"Our previous work suggested that Dot1l was the culprit behind the abnormal methylation patterns in MLL-rearranged cells," Armstrong noted. "We now know that these leukemias fully rely on this enzyme and the methylation pattern it generates in order to persist and grow.

"While methylation tags on histones are very difficult to manipulate directly," he added, "Dot1l is much easier to target therapeutically."

The second Cancer Cell paper, co-authored by Armstrong, Bernt, Kung and collaborators at the biotechnology company Epizyme, takes the Dot1l findings a step further by showing that a small molecule called EPZ004777, which inhibits the enzyme, does indeed eliminate the abnormal methylation pattern in MLL cells. In cell-based laboratory models, the effects of treatment with EPZ004777 mirrored those obtained by inactivating Dot1l in genetically engineered "knockout" mice, while selectively causing MLL-rearranged leukemia cells to die off in about two weeks' time. Moreover, mice with MLL-rearranged leukemia showed increased survival when treated with EPZ004777.

"The oncology field is very excited about epigenetic inhibition right now," Armstrong said. "Enzymes like Dot1l that influence epigenetics are overactive in many cancers. What we've done is show that we can block one of these enzymes and get very specific anti-tumor activity in a previously very hard-to-treat disease."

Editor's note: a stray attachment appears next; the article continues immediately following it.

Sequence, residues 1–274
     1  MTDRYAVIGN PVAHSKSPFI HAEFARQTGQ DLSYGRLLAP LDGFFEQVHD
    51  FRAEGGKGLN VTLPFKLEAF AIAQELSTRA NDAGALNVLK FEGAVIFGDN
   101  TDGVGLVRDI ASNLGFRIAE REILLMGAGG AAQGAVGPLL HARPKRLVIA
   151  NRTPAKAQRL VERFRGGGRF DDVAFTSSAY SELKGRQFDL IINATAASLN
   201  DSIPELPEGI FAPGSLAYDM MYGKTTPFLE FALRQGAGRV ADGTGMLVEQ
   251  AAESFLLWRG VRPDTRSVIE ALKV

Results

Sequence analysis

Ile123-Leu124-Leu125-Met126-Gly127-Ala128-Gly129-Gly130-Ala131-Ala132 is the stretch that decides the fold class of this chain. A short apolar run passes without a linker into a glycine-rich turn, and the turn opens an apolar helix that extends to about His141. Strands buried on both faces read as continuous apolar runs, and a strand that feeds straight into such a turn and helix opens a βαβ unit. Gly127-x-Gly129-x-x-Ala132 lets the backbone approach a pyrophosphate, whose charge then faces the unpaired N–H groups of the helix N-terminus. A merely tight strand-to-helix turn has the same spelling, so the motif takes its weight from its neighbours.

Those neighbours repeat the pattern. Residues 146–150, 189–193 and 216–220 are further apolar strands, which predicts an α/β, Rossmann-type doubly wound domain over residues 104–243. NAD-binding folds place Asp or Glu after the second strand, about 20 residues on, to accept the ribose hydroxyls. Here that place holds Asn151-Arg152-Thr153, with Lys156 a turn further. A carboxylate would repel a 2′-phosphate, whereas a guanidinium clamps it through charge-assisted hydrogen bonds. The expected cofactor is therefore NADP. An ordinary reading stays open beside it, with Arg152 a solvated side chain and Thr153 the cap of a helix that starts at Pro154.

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The two studies were supported by grants from the National Cancer Society, the Leukemia and Lymphoma Society, Gabrielle's Angel Foundation, the National Cancer Institute, the National Heart Lung and Blood Institute, and the William Lawrence and Blanche Hughes Foundation.

Children's Hospital Boston is home to the world's largest research enterprise based at a pediatric medical center, where its discoveries have benefited both children and adults since 1869. More than 1,100 scientists, including nine members of the National Academy of Sciences, 12 members of the Institute of Medicine and 13 members of the Howard Hughes Medical Institute comprise Children's research community. Founded as a 20-bed hospital for children, Children's Hospital Boston today is a 395 bed comprehensive center for pediatric and adolescent health care grounded in the values of excellence in patient care and sensitivity to the complex needs and diversity of children and families. Children's also is the primary pediatric teaching affiliate of Harvard Medical School. For more information about research and clinical innovation at Children's visit Vector blog.

(DF/HCC), designated a comprehensive cancer center by the National Cancer Institute. It provides adult cancer care with Brigham and Women's Hospital as Dana-Farber/Brigham and Women's Cancer Center and it provides pediatric care with Children's Hospital Boston as Dana-Farber/Children's Hospital Cancer Center. Dana-Farber is the top ranked cancer center in New England, according to U.S. News & World Report, and one of the largest recipients among independent hospitals of National Cancer Institute and National Institutes of Health grant funding.